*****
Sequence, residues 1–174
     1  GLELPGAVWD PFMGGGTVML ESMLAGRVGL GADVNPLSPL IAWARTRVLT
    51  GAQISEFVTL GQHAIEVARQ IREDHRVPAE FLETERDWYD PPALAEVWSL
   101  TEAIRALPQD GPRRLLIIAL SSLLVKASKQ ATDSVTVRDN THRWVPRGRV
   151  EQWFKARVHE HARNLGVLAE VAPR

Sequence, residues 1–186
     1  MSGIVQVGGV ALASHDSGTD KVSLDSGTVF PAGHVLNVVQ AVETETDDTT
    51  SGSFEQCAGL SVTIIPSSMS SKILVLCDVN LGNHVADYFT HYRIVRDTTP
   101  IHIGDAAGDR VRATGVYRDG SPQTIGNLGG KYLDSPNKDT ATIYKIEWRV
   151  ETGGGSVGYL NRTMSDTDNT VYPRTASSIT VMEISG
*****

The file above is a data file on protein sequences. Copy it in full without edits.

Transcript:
Sequence, residues 1–174
     1  GLELPGAVWD PFMGGGTVML ESMLAGRVGL GADVNPLSPL IAWARTRVLT
    51  GAQISEFVTL GQHAIEVARQ IREDHRVPAE FLETERDWYD PPALAEVWSL
   101  TEAIRALPQD GPRRLLIIAL SSLLVKASKQ ATDSVTVRDN THRWVPRGRV
   151  EQWFKARVHE HARNLGVLAE VAPR

Sequence, residues 1–186
     1  MSGIVQVGGV ALASHDSGTD KVSLDSGTVF PAGHVLNVVQ AVETETDDTT
    51  SGSFEQCAGL SVTIIPSSMS SKILVLCDVN LGNHVADYFT HYRIVRDTTP
   101  IHIGDAAGDR VRATGVYRDG SPQTIGNLGG KYLDSPNKDT ATIYKIEWRV
   151  ETGGGSVGYL NRTMSDTDNT VYPRTASSIT VMEISG